Thankfully the doctor knew exactly what it was and called for the blood test immediately. (Apparently, they get at least one case a week at Canossa). I was told the test results would be ready within 4 hours, so I could go home and wait for their phone call. I was woken at 2am by the nurse’s call telling me my levels were extremely high and I needed to be admitted ASAP. My CPK levels were at 17,000 U/L which carry risks of cardiac arrest and kidney failure.
I was met back at the hospital by a Nephrologist who then did further testing and monitored me daily.
How Did Treatment Go?
The treatment was a slow, steady process. I was hospitalised for 5 days and on IV fluid drip the entire time. The slightest bit of dehydration could be dangerous because the muscle proteins are floating around the bloodstream which could literally choke the kidneys. The treatment plan was designed to flush the toxins from my blood. I was to urinate every 1-2 hours and ideally 400 -700ml each time. I had to measure how much I drank and urinated.
How Long Was the Treatment?
Treatment lengths can vary. In my case the doctor agreed that I could go home if my levels hit 1000 or below (this is still 10x the normal range). Luckily, my kidneys did not show signs of damage, so as my CPK levels dropped, my condition was improving. My muscles were still weak and painful though.
How Long Did it Take to Recover?
It took 7-10 days for my muscles to feel normal and my energy levels to return. The doctor said I should avoid all arm exercises and general exertion until one month post-treatment. Until that point, there is a risk of the rhabdomyolosis recurring. If the muscles aren’t given enough time to heal and rebuild, they can fall apart again. The doctor told me, by the one month mark, I should have 30% of the strength back and within 3-6 months the muscles should regain 100% of their original strength.
How Do You Feel Now?
I feel ok, but have not attempted any serious arm exercises since.
What Precautions are You Taking to Avoid This Happening Again?
I’m focusing more on cardio rather than singling out individual muscles. But honestly, I started a new job 5 days after I was released from the hospital and have been juggling the balance of work and being a mom to 3 kids. Unfortunately, I haven’t made enough time to work-out as I would like.
Any Other Thoughts?
My main advice would be to drop your ego at the door and not be afraid to stop a workout mid-way if you sense something doesn’t feel right.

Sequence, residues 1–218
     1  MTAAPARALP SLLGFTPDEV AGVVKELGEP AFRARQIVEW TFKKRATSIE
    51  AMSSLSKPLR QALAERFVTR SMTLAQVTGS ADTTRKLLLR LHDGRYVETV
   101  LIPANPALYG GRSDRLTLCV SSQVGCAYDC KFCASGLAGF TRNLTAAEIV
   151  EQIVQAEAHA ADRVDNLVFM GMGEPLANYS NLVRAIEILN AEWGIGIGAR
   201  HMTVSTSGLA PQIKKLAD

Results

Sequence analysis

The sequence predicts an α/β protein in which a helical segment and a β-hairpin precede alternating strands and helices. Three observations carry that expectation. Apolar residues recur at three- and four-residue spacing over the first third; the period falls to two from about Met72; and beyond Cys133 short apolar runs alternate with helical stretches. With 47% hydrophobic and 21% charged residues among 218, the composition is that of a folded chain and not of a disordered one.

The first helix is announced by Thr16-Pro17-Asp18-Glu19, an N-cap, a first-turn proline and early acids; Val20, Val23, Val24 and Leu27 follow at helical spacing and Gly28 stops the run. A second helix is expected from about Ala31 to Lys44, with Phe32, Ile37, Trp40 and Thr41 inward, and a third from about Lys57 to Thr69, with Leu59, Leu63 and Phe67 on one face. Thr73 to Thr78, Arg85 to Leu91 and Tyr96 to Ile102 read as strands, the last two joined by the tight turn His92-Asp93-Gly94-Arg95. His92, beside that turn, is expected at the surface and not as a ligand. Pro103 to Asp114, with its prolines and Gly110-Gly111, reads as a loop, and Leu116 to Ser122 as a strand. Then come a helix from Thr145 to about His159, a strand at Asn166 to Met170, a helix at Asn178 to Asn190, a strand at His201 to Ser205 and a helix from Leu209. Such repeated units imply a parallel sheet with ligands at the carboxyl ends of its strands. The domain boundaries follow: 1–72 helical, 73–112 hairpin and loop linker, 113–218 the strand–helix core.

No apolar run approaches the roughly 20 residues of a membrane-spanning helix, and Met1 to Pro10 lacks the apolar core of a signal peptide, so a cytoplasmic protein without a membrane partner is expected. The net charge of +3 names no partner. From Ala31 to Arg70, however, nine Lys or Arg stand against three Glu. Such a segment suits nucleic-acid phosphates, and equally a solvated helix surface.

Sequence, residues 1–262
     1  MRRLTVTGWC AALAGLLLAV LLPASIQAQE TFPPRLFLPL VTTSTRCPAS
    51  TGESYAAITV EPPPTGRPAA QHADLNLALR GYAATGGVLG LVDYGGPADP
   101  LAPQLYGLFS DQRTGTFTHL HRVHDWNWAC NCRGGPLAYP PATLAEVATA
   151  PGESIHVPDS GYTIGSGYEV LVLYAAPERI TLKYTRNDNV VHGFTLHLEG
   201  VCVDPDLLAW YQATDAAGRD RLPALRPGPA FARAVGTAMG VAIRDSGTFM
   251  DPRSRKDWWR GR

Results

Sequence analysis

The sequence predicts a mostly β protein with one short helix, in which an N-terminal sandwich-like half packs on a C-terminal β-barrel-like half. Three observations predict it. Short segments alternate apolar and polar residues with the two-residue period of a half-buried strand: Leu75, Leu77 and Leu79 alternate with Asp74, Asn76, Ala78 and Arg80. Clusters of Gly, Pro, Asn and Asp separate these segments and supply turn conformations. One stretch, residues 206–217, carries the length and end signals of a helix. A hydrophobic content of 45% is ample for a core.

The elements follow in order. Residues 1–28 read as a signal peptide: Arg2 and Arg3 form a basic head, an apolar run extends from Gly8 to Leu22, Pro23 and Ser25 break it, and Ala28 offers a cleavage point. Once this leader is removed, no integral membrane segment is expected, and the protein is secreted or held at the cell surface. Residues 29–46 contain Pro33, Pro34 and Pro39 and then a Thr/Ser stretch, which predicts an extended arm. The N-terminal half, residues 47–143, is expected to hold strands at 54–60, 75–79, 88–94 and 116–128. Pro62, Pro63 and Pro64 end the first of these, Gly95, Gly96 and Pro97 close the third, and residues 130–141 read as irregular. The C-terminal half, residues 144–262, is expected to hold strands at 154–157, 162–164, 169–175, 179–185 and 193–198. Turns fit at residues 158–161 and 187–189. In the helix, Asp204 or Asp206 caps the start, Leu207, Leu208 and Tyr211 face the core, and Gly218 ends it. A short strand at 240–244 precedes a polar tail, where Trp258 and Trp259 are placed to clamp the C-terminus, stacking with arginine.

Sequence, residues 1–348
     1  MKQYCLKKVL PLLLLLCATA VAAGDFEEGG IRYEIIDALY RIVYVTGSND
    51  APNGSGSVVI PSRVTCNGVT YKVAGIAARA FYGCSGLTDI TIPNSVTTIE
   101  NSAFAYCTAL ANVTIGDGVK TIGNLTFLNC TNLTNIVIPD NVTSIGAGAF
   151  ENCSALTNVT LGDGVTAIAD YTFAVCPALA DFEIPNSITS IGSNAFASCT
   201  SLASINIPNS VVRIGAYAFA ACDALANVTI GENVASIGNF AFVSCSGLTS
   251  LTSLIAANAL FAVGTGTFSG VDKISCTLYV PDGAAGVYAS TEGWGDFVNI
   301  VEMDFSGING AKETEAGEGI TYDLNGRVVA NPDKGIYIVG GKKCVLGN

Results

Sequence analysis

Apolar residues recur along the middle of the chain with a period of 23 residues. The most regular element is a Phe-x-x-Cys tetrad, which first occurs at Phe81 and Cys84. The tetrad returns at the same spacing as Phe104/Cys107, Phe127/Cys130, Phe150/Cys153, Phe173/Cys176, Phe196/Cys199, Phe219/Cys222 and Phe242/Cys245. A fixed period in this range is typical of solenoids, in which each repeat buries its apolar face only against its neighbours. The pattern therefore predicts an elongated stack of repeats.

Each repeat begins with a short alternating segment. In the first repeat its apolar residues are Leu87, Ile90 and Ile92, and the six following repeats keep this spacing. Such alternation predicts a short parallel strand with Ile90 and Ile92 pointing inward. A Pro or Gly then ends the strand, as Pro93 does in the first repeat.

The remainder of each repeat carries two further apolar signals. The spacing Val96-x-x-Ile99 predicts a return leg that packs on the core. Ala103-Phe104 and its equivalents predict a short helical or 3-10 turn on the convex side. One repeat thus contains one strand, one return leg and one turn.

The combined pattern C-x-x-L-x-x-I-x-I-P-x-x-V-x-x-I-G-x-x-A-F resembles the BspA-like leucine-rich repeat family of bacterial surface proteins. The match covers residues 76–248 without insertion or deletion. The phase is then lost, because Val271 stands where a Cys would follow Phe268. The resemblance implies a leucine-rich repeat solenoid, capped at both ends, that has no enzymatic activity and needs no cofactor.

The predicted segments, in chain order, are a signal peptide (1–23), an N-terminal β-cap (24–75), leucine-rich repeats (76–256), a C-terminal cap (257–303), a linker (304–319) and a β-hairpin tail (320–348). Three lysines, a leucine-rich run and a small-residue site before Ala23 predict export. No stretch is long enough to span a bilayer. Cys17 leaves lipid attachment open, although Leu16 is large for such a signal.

Rhabdomyolosis is a scary thing and can very easily happen to ANYONE. I have no ego when it comes to working out and I’m the first to put my hand up and ask for a modified workout if I need it, and it still happened to me. I didn’t know the signs, and honestly, even if I did and stopped my workout at that point, it would have been too late.
The moment I felt I was just “dropping” from the bar and couldn’t do the slow release, that was the sign my muscles had been injured. It was not painful and not an identifiable moment like with other injuries. And I was able to continue my work-out after that!
The thing is, I don’t know what I would have done differently on that day. I had been working out for almost 8 months in that gym and was always very cautious while doing a modified version of what everyone else was doing. What I have learned through reading about rhabdomyolosis is it’s not necessarily the movement or the heavy weights that cause it. It’s the extreme repetitions of the movement that usually does it.
* A previous history of rhabdomyolysis also increases the risk of having rhabdomyolysis again.
Rhabdomyolysis Signs and Symptoms
Signs and symptoms may be hard to pinpoint as they can be subtle, non-specific and could mimic other conditions. Symptoms may occur in one area of the body or affect the whole body. Additionally, complications may occur in early and later stages.
The “classic triad” of rhabdomyolysis symptoms are:
- muscle pain
- muscle weakness
- dark coloured urine or decreased urination
Other symptoms may include:
- a fever
- a sense of malaise, or feeling sick
Blood tests for creatine kinase (a product of muscle breakdown) and urine tests for myoglobin (a relative of hemoglobin that is released from damaged muscles), can help diagnose rhabdomyolysis. Additional tests may be performed to rule out other problems, confirm the cause of rhabdomyolysis, or check for complications.
Early diagnosis and treatment of rhabdomyolysis and its causes are keys to a successful outcome. You can expect full recovery with prompt treatment. Doctors can even reverse kidney damage.
If you have rhabdomyolysis, you will be admitted to the hospital to receive treatment for the cause. Treatment with intravenous (IV) fluids helps maintain urine production and prevent kidney failure.
Most causes of rhabdomyolysis are reversible.
If you’re starting a new workout routine and doing it gradually, the risk of rhabdomyolysis is extremely low. It typically only occurs after extreme exercise, but some other things can increase your chances of it:
- Being dehydrated
- Exercising while you’re on medications like ibuprofen or Aleve
- Exercising in the heat